Tuesday, September 25, 2012

A Musical Instrument Bank

Whenever I see a particularly noxious piece of music journalism, i.e. most of them, I like to comment on it. But the flip side of that is that I also try to give credit where credit is due. There is an interesting story in the Globe and Mail today about an excellent project of the Canada Council: their musical instrument loan program.

Aspiring young violinists have a huge problem trying to find an suitable instrument that most other instrumentalists just don't have. As a young guitarist, just starting to really come to grips with developing my skills as a performer, one of the things I had to do was replace my student guitar (Yamaha, about $200) with a real concert instrument. You can't learn to expand your dynamic and timbral range without an instrument that can actually do it. My solution was I flew to Madrid and purchased a Jose Ramirez 1a (meaning "primera", i.e. top level concert instrument), the same that Segovia and others had played. The cost, in 1974, was a mere $650! I'm not sure what they cost now, but probably somewhere between $5000 and $10,000.

But if you are a violinist, or cellist, you are faced with a problem of a whole different magnitude. What would it cost to purchase a violin of the finest concert quality? Would you believe $4,000,000? Yes, I'm afraid so. So the Canada Council has a wonderful program to help young violinists. Every three years they hold a competition to win the opportunity to borrow a concert violin from the Musical Instrument Bank. There are thirteen violinists vying to possess thirteen different violins ranging from fine instruments worth $300,000 built in the 18th century, to the heights of instruments built by Guarneri and Stradivari! It is hard to find anything wrong with a project like this.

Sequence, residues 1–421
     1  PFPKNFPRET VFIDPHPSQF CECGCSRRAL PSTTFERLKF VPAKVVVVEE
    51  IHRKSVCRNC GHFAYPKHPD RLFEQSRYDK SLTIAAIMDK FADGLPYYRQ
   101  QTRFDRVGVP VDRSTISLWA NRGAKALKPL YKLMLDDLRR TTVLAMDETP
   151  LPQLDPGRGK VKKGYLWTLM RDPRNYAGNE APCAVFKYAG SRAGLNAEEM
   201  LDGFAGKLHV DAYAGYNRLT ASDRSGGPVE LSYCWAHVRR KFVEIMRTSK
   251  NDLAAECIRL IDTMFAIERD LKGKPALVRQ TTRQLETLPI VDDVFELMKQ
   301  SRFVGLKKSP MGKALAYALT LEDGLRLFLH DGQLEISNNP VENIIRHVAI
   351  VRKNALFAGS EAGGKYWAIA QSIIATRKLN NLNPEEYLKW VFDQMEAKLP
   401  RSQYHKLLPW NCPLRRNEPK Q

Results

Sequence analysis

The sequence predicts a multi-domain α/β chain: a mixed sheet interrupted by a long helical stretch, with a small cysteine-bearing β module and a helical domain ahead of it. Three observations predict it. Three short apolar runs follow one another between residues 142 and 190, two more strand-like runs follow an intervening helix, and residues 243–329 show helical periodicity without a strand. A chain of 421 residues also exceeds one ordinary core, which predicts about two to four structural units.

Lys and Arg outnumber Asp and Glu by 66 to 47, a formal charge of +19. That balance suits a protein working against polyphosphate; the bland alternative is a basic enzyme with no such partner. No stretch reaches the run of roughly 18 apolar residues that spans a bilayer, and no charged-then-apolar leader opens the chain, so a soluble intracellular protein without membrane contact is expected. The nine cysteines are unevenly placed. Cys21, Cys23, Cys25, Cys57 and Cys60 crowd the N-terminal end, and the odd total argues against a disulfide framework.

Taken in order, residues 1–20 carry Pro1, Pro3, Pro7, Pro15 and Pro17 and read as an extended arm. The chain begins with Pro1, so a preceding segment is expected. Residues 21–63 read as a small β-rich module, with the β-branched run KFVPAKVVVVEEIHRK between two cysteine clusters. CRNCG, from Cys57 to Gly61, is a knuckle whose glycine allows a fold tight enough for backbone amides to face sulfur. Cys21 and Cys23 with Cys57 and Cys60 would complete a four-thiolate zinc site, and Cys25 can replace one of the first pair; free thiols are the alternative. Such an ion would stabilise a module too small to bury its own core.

There are some errors in the story. The claim is made that:
 in blind tests, audiological analysts and concert violinists alike have had difficulty distinguishing one fine old fiddle from another.
which is not exactly true. The 'tests' referred to were promoted by a builder of new violins who was eager to show that his instruments were just as good as those old ones. Several question marks hover over how the test was conducted and quite a few very knowledgeable people disagree strongly. All the great concert violinists of today prefer to play the old violins built in Cremona and it isn't just because of the name of the builder. But with only some 500 of the Cremona violins still available, and especially with millions of young Chinese violinists coming along, modern builders are striving to build instruments that will measure up to the best of the 17th and 18th century ones.

Isn't it fascinating that the finest violins ever built, so far, were built in a little town in Italy, Cremona, by three builders, Amati, Guarneri and Stradivari, largely between 1700 and 1750? I can't think of any other example of technology of which this is true. Let's hear one of these violins:

1 comment:

Heather McAfee said...

Hello Bryan,
I read your blog with interest. I have a question for you. Could you please call me?

Heather McAfee
Public Relations
Canada Council for the Arts
613-566-4414 x4166